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PL&W Train Station & Round House - New Galilee PA

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In 1852 the narrow-gauge Darlington Cannel Coal Railroad (DCC) was built from New Galilee, off the existing Ohio & Pennsylvania Railroad (O&P) mainline, extending west through Darlington to the cannel coal fields at Cannelton Junction. Members of the Harmony Society acquired the line in 1860 and cannel mines and ran them for some time. It later became part of an ambitious plan to connect with distant Chicago, but that never came to fruition. In the 1880’s the line was basically extended into Ohio – reaching Rogers by 1885 and Lisbon by 1887. It never went any further. A train station and a small round house/turntable (shown above) were erected at New Galilee and were in service for many years. (c1925) Full Size


In 1896 the various parts of the railroad between New Galilee and Lisbon were reorganized as the Pittsburgh, Lisbon, & Western Railroad (PL&W) – which was incorporated in 1902.The 27-mile line primarily served as a freight hauler for the coal industries near Darlington and the heavy industries in Lisbon. The photo above depicts the PL&W train station at New Galilee. (c1935) Full Size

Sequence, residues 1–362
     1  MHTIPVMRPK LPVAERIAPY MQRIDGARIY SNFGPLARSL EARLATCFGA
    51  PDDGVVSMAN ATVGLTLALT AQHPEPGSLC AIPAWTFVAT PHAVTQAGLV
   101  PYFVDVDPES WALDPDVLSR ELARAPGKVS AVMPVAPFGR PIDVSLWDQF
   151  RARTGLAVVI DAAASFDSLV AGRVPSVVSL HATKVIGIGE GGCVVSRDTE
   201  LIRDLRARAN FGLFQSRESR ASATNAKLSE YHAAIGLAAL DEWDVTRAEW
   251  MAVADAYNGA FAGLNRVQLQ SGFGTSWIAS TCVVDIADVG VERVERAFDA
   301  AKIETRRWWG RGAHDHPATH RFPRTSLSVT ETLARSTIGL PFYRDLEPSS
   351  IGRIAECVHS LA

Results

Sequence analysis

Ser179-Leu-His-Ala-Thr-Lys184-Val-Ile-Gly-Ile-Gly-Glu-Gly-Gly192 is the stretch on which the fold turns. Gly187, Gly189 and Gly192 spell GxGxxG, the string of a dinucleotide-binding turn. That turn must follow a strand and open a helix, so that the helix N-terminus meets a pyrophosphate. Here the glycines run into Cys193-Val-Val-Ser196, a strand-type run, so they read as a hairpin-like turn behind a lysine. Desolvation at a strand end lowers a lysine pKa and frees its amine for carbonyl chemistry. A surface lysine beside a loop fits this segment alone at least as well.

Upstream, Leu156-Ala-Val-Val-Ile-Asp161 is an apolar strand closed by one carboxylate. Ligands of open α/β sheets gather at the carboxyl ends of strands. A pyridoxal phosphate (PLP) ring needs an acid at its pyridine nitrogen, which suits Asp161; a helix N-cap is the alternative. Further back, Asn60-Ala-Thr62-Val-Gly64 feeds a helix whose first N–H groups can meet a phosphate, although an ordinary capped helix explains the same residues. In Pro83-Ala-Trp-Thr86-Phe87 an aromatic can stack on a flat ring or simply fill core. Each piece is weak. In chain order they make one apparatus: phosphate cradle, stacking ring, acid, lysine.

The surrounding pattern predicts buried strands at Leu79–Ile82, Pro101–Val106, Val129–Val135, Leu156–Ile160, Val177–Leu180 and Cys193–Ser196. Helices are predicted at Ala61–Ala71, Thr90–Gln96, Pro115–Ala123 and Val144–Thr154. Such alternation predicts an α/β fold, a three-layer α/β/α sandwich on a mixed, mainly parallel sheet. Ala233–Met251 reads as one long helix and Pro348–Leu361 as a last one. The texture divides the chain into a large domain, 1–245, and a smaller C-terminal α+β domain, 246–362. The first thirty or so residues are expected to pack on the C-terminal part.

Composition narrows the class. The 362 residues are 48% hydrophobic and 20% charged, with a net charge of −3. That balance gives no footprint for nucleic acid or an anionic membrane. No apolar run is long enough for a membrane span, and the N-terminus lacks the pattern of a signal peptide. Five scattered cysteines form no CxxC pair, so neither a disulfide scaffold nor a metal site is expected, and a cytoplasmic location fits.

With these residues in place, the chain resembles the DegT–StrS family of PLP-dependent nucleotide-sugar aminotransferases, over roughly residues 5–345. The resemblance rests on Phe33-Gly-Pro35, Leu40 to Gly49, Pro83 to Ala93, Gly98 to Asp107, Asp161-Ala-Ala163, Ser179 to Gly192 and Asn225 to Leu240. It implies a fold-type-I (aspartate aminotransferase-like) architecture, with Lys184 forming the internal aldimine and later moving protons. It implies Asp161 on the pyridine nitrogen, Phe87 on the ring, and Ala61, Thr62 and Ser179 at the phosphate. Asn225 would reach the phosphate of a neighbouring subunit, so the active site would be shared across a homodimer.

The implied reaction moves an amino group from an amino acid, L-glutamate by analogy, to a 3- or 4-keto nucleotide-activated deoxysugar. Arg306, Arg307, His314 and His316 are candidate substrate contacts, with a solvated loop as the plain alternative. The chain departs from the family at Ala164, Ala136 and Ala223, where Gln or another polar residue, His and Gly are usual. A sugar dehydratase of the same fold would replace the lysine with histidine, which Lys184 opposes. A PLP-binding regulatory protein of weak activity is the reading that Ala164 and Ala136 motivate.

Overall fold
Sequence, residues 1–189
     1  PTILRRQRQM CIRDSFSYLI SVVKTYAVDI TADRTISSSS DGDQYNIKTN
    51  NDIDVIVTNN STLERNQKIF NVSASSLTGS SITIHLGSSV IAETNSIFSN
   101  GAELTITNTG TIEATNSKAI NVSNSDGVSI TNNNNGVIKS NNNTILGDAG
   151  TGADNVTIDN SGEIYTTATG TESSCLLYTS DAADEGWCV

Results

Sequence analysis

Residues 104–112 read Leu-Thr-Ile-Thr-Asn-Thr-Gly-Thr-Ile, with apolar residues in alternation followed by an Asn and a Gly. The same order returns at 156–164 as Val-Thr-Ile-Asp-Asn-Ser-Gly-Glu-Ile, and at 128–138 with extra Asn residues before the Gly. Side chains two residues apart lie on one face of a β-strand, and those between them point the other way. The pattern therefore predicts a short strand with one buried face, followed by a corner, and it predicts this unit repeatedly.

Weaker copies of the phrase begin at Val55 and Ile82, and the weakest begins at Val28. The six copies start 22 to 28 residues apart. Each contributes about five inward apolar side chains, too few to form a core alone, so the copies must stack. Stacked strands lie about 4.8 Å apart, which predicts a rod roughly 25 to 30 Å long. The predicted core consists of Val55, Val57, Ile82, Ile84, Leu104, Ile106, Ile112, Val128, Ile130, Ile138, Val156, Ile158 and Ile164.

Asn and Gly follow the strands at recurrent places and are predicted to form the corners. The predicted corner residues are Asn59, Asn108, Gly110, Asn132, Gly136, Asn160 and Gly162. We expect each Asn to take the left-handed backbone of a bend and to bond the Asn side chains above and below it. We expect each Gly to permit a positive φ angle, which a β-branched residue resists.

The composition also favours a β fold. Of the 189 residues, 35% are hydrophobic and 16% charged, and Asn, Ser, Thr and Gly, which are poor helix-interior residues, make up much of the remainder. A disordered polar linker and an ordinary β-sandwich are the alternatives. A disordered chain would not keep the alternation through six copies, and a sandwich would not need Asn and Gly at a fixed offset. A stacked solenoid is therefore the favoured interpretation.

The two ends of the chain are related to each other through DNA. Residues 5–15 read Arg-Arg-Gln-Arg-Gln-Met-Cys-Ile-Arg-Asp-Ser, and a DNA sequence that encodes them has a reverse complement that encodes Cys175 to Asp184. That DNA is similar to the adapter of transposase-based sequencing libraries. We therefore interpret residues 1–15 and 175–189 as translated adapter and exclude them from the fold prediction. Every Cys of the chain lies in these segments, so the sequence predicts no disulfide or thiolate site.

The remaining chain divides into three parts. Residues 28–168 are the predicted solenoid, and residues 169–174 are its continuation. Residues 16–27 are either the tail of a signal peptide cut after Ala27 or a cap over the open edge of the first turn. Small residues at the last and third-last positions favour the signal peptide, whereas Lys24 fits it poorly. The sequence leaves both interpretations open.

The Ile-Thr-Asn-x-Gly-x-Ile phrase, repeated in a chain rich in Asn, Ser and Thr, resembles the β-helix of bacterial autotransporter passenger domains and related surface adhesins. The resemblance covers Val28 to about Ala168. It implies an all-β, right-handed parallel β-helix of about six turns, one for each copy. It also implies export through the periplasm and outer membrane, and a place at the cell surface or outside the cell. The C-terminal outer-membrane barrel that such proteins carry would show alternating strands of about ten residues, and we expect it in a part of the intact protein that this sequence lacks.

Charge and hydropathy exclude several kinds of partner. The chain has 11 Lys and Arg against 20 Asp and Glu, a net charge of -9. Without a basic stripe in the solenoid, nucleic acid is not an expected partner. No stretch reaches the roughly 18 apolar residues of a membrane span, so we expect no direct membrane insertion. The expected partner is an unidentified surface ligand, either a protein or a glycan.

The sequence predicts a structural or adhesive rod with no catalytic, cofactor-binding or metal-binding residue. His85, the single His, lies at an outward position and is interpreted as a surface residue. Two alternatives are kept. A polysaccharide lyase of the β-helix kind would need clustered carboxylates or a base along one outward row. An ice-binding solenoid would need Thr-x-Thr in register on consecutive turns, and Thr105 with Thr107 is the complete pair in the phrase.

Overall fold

The Pittsburgh, Harmony, Butler, and New Castle Railway (PHB&NC), a narrow-gauge streetcar line known popularly as the Harmony Short Line, initiated plans to purchase the PL&W in 1915. The Harmony Line wanted to extend its line (from Koppel) to New Galilee – and then run along the narrow-gauge track into Ohio. This venture never took place. In 1925 the PL&W was absorbed into the Youngstown & Southern Railroad (Y&S) and was electrified to run streetcars – as well as the steam engines. The above photo depicts the #22 streetcar in New Galilee. The coal freight business pretty much died out in the early 1930’s and streetcar service ended to New Galilee in November 1944. This was the “last ever” streetcar service in Beaver County. The line was generally abandoned soon after. (c1935) Full Size


This map from 1876 shows the location of the round house (marked with red star) on the track running off towards Ohio. The line is marked as the “D. C. C. R. R.” – which later became the PL&W. (1876) Full Size

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